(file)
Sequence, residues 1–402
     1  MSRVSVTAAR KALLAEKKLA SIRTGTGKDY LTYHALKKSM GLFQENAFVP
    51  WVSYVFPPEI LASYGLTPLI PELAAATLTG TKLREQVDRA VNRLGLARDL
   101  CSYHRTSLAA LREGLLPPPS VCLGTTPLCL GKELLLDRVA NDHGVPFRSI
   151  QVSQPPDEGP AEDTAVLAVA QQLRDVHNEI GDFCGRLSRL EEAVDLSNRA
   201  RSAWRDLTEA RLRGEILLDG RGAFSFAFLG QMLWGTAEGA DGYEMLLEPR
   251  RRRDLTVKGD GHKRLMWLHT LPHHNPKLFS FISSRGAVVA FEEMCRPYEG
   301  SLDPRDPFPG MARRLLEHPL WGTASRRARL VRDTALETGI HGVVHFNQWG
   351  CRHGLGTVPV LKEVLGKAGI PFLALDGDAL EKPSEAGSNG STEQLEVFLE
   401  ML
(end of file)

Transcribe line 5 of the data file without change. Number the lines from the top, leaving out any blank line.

   151  QVSQPPDEGP AEDTAVLAVA QQLRDVHNEI GDFCGRLSRL EEAVDLSNRA